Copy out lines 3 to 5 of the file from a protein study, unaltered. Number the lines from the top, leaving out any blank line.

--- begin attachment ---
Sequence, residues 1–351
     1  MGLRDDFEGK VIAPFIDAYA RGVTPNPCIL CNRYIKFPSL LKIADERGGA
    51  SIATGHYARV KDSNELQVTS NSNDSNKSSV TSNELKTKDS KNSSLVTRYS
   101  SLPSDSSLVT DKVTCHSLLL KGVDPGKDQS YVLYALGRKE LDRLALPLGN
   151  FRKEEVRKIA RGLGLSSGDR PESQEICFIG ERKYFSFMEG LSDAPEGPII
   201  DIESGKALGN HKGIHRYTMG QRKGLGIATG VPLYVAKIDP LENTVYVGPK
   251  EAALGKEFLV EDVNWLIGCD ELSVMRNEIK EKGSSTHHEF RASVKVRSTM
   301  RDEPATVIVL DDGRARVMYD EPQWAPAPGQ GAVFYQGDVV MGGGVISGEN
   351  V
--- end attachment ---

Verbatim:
    51  SIATGHYARV KDSNELQVTS NSNDSNKSSV TSNELKTKDS KNSSLVTRYS
   101  SLPSDSSLVT DKVTCHSLLL KGVDPGKDQS YVLYALGRKE LDRLALPLGN
   151  FRKEEVRKIA RGLGLSSGDR PESQEICFIG ERKYFSFMEG LSDAPEGPII